Amy Brown held her two young sons to her side Tuesday as she fought back tears and lashed out at the company that plans to surround her home south of Hutchinson with massive wind turbines.
She was in the Statehouse for a hearing on a bill that would impose heavy restrictions on new wind energy developments across the state. The law would require a 1.5-mile cushion between residential homes and wind turbines.
Echoing the concerns of those who testified in support of the restrictions, Brown said she fears health problems linked by studies to low-frequency sounds produced by wind generators. If Reno County officials approve a deal with NextEra Energy, she said, her family’s nine-acre property will be in the middle of an industrial wind facility of more than 80 turbines.
“The impact to my children’s overall health is significant enough that our family has talked about living in a camper on the lake to recoup if we can,” Brown said. “We worked very hard to have paid for our home so we can give these children a life that’s better than what we even had, and it’s sincerely being taken from us.”
More than 50 observers packed the House Energy, Utilities and Telecommunications Committee hearing as property owners and others complained about the impact of wind farms and accused county officials of failing to stand up to large energy corporations. Those companies will have a chance to counter in a hearing scheduled for Thursday.
Rep. Randy Garber, R-Sabetha, said he introduced House Bill 2273 on behalf of his constituents. The legislation requires new wind turbines be at least 7,920 feet from a residence, 15,840 feet from airports and parks, and 1,500 feet from property lines.
Additionally, the turbines must be equipped with radar technology that can detect nearby aircraft and activate a warning light, rather than leave the light on all the time.
Counties could extend the setback limits, and property owners could waive their rights. The law would ban nondisclosure terms for property owners who enter into an agreement with developers.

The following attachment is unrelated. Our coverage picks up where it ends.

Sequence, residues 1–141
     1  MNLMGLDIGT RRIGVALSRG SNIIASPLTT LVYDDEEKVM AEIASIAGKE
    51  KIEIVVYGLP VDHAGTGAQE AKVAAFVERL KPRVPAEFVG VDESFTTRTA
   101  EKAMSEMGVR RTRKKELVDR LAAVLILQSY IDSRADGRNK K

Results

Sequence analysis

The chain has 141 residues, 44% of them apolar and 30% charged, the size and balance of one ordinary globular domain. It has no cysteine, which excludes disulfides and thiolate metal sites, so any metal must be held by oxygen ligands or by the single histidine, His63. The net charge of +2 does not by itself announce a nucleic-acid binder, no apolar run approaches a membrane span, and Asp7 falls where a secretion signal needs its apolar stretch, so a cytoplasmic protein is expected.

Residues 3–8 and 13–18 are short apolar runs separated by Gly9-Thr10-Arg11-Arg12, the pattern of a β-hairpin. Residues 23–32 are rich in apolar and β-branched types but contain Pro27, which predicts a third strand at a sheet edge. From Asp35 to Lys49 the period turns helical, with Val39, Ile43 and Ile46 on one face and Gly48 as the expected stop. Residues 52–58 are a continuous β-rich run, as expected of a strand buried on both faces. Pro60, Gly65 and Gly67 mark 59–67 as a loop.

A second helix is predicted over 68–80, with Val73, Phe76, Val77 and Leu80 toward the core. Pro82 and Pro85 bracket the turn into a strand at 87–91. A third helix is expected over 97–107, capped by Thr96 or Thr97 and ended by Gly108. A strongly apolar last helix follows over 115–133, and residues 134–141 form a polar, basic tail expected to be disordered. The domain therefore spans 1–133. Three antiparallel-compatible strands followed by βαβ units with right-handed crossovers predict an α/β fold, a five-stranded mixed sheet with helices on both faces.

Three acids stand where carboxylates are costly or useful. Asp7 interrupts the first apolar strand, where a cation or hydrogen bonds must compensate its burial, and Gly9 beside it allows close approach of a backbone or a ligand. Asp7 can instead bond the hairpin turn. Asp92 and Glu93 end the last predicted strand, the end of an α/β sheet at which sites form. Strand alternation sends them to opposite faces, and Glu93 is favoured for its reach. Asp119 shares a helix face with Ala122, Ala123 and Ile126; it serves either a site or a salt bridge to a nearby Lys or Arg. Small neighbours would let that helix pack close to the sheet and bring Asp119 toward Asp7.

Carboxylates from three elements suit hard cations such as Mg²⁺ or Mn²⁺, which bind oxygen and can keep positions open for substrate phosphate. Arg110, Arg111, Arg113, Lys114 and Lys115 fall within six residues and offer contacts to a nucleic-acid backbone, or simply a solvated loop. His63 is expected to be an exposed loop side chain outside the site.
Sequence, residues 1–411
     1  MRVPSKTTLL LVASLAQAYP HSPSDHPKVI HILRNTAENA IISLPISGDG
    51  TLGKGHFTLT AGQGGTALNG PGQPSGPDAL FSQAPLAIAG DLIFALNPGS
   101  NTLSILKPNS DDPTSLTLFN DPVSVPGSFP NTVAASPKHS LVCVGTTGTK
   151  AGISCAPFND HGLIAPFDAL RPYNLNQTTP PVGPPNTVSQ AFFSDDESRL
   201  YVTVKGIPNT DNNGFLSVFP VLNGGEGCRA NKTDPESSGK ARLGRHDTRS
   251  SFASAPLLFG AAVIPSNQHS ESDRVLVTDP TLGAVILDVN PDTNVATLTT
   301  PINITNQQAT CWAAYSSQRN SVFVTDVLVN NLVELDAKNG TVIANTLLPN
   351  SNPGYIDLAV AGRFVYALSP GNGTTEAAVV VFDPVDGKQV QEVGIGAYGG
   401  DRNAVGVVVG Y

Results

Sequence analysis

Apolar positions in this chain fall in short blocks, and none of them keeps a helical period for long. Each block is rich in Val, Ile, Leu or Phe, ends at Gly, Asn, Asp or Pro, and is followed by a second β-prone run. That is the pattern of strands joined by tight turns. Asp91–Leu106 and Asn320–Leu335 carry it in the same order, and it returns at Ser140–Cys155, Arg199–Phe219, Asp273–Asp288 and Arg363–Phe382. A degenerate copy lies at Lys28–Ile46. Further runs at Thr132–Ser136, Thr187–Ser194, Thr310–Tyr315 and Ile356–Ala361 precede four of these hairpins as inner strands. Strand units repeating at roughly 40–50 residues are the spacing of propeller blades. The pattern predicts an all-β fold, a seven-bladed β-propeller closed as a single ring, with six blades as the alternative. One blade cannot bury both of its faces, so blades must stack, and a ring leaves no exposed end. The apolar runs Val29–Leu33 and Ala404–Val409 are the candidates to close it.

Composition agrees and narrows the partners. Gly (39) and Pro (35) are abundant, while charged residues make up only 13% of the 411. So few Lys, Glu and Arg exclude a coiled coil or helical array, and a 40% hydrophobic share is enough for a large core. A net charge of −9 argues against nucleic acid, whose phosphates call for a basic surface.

Lawmakers heard from residents in Nemaha, Brown and Reno counties who said “unregulated wildcatting” energy companies take advantage of local officials who are unprepared for negotiations.
Rep. Jim Gartner, D-Topeka, said residents should direct their complaints toward county boards who are responsible for the “dereliction of their duty.”
“If these people aren’t doing the job they’re supposed to, throw them out of office,” Gartner said.
If all local officials acted appropriately, said Rep. Joe Seiwert, a Pretty Prairie Republican and chairman of the committee, legislators wouldn’t need to be here.
Brown said NextEra offered a 2,000-foot setback while threatening to pull the development if the county stalled negotiations.
Lori Menold, a nurse in Nemaha County, offered testimony in support of health concerns associated with wind turbines. She said landowners who agree to a lease are asked to sign a waiver for any problems relating to “audio, visual, view, light, flicker, noise, shadow, vibration, air turbulence, wake, electromagnetic, electrical and radio frequency interference.” She viewed the language as an admission that turbines cause problems.
Referencing several studies, she said the noise from turbines leads to complaints of sleep disturbance, headaches, dizziness, vertigo and ear pressure. Those symptoms in turn can lead to cardiovascular disease and diabetes and other ailments, she said.
“In terms of wind energy, when the pros and cons are evaluated, the adverse effect on people’s health is far from small,” Menold said. “These adverse health effects can be significantly minimized if there are safe setback distances that are enforced.”
Galen Ackerman, a fourth-generation farmer in Nemaha County and self-described clean energy nut, described wind turbines as oversized, unsightly billboards that also move and make noise. Those who agree to lease land for a wind farm damage their neighbors’ property value in the process, he said.
To place the size of a turbine in perspective, he compared it to the size of the Statehouse, which is about 325 feet tall. At 500 or 600 feet tall, a wind turbine would tower over the Statehouse with a wingspan the size of a Boeing 747. He asked lawmakers to imagine a jet spinning from the top of the dome at 15 turns per minute.
Brown and Nemaha counties allow these structures within 600 feet of the home of someone who declines an agreement with the developer, he said.
“Nobody wants a wind turbine that close to their home,” Ackerman said. “Nobody.”